First look at BLM finances, details finally come to light – to the tune of $90 million

As Black Lives Matter supporters destroyed city blocks, looted businesses, and assaulted police officers throughout much of last year, the national organization collected tens of millions of dollars, according to a new detailed examination of the group’s finances.

According to a financial statement reviewed by The Associated Press, the Black Lives Matter Global Network Foundation, which is viewed as the principal driver behind the grassroots BLM movement, raked in $90 million in 2020. 

And now, with funds continuing to roll in, the global BLM network wants to build out its infrastructure in order to become known for more than just involvement in rioting and looting.

“We want to uplift Black joy and liberation, not just Black death. We want to see Black communities thriving, not just surviving,” said an impact report viewed by the AP.

The group’s influence grew substantially following the death of George Floyd during an encounter with Minneapolis police last May, but its meteoric rise also created some tension within the organization among grassroots organizers and BLM leaders. 

The global foundation told the AP that $21.7 million was earmarked for grants to official and unofficial BLM chapters around the country, in addition to 30 black-led groups. 

The foundation ended 2020 with more than $60 million, spending only about a quarter of its funds on grants and other charitable contributions.

While donations from individuals through the group’s primary platform averaged nearly $31 dollars with 10 percent of those recurring, foundation officials would not identify the group’s most prominent donors. Also, the financial report does not state specifically where the money went last year, though the foundation reportedly spent about $8.4 million on expenses in 2020 including administrative and operating costs.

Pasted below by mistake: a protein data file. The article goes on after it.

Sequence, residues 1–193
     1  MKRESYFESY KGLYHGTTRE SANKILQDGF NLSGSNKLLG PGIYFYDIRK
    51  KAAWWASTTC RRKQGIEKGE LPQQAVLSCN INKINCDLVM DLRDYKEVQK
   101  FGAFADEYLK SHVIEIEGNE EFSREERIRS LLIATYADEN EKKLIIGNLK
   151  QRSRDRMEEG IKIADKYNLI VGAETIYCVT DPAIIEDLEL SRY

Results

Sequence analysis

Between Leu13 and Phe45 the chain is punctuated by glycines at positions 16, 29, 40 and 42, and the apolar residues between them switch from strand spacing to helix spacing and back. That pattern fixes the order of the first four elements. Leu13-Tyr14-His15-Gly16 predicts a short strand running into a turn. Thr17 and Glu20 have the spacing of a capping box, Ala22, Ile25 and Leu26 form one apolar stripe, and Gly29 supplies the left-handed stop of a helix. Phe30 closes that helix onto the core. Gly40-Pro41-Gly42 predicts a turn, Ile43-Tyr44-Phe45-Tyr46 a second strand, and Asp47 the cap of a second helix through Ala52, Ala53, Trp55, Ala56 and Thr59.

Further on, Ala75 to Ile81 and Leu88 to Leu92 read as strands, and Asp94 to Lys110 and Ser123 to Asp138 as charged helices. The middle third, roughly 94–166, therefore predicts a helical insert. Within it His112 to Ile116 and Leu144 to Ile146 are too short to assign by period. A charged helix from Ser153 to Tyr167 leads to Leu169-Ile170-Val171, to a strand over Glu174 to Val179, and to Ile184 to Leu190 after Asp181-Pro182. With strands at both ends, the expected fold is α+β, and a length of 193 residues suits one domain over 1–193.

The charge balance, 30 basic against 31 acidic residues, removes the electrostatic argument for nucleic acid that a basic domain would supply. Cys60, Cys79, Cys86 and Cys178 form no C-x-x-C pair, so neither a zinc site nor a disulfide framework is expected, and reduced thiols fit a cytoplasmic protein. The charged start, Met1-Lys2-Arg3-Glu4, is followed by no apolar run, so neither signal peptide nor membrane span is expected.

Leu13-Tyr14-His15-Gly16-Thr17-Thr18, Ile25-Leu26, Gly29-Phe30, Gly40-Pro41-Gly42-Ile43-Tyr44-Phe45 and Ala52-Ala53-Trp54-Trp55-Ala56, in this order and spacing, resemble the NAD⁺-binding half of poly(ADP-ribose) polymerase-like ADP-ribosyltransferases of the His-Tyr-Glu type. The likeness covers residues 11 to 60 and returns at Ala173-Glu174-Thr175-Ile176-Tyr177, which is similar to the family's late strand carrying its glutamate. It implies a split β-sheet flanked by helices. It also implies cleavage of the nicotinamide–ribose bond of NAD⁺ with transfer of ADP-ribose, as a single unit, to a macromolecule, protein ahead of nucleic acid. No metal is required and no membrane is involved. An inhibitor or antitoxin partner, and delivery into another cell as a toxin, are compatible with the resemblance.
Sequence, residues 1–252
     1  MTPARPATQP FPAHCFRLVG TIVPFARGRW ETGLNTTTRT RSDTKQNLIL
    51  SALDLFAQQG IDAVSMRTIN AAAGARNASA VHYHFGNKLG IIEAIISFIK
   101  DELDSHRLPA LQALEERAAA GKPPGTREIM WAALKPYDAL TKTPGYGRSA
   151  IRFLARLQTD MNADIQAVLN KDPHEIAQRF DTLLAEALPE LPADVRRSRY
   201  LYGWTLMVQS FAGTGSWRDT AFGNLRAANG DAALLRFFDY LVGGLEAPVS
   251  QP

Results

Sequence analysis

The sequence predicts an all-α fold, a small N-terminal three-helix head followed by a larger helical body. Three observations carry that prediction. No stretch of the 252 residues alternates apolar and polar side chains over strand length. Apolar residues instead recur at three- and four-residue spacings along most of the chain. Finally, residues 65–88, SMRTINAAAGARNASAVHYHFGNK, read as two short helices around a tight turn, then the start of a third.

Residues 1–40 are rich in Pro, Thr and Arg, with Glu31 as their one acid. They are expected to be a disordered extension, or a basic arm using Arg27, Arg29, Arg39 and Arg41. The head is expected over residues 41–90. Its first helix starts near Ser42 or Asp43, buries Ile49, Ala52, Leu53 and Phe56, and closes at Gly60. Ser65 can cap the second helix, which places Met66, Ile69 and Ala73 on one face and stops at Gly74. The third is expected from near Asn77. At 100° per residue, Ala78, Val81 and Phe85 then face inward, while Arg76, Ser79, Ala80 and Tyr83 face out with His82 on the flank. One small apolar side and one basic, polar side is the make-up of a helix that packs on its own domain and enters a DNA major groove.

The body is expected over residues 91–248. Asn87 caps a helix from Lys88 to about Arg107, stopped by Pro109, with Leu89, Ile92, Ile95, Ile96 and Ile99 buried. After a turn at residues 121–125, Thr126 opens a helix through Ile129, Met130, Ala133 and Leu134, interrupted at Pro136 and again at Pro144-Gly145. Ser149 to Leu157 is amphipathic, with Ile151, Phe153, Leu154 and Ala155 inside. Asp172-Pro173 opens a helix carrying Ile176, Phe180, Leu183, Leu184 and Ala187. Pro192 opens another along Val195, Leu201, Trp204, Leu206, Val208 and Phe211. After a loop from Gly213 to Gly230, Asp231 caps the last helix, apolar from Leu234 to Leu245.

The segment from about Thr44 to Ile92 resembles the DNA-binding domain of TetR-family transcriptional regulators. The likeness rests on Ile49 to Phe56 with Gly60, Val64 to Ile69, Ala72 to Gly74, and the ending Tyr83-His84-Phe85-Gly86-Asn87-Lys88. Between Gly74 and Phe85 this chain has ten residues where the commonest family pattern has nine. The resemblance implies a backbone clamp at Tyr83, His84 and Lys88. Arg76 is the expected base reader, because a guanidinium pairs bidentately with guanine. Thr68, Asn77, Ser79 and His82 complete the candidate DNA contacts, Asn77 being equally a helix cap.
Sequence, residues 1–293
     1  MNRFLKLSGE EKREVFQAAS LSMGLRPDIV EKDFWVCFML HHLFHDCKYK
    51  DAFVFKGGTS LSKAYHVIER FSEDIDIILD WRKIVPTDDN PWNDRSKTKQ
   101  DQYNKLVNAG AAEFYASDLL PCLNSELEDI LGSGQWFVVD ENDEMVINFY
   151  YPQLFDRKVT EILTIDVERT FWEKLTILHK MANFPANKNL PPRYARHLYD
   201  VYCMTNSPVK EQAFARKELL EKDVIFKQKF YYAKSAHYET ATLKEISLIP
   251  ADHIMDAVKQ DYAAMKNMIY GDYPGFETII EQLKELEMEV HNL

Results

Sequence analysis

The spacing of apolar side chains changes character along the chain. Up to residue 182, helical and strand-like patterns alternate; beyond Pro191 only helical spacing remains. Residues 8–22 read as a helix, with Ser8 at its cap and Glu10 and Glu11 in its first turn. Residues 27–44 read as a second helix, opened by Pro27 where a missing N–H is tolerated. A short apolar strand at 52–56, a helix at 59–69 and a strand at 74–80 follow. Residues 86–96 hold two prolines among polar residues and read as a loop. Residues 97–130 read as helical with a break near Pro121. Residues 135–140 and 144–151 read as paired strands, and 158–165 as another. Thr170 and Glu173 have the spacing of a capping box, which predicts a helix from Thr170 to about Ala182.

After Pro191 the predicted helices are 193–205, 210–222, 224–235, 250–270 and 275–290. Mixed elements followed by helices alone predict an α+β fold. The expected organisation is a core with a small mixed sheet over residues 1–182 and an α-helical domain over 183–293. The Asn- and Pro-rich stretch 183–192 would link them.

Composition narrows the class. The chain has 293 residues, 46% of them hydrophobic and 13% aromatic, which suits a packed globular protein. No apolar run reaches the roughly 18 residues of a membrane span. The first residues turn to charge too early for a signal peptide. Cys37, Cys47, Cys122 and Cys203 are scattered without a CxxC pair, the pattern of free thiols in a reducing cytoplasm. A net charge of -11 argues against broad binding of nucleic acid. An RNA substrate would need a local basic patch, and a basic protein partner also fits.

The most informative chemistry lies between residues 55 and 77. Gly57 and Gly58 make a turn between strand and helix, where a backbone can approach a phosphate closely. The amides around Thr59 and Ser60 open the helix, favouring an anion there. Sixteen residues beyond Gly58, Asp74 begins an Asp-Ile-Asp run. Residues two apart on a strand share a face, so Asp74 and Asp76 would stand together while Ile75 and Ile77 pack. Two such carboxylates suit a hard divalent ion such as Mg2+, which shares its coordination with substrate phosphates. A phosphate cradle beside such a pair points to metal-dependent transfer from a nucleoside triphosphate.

Several major corporations have publicly announced that they have given money to BLM including DoorDash, Deckers, Amazon, Gatorade, Microsoft, 23andMe, AirBNB, Glossier, Unilever, Bungie, Nabisco, Dropbox, Fitbit, Tinder, and Cisco, among others.

Several chapters were formed in 2015 under the BLM Global Foundation Network following the 2013 acquittal of George Zimmerman, a local neighborhood watch volunteer who shot and killed Trayvon Martin, 17, in Florida.

But as the foundation has grown, critics say it no longer focuses primarily on being an organizing center for black radicals and, instead, has shifted to political and philanthropic activities without the input from some of BLM’s earliest backers. 

“One of our biggest goals this year is taking the dollars we were able to raise in 2020 and building out the institution we’ve been trying to build for the last seven and a half years,” co-founder Patrisse Cullors, now the global organization’s full-time executive director, told the AP. 

Two other co-founders, Alicia Garza and Opal Tometi, are not directly involved with the global foundation but do continue making appearances as co-founders while being involved in other ventures full-time.

Last year the global foundation formed BLM Grassroots with its network of chapters and established a $12 million grant fund for which those chapters, as well as other black organizations, became eligible in July.

However, less than 12 groups utilizing “Black Lives Matter” or “BLM” in their official names are currently seen as affiliates.

Moreover, most chapters have not taken advantage of the grant funding. In fact, a group of 10 chapters, known as #BLM10, has publicly chastised the global foundation and accused it of lacking transparency in its operations. 

April Goggans, the Black Lives Matter DC organizer, told the AP that chapters only want a say in “this thing that our names are attached to, that they are doing in our names.”

Other chapters complained that they were not receiving adequate funding, especially given how much the global foundation has raised over the years.

Cullors, however, disagreed.

“Because the BLM movement was larger than life — and it is larger than life — people made very huge assumptions about what our actual finances looked like,” she told AP. “We were often scraping for money, and this year was the first year where we were resourced in the way we deserved to be.”

That said, #BLM10 chapters argue that there are distinct differences between what the co-founders have said and what is really going on.

BLM foundation leaders did admit to the AP that in recent years the organization has not been as open as it should be regarding its operations and finances in recent years, but that an effort is now being made to become more transparent.

In December, the foundation was given non-profit status by the IRS, which will allow it to receive tax-deductible donations. And soon, the organization will be required to file public information providing details about its organization, employee compensation, expenses, and operations.

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Jon Dougherty

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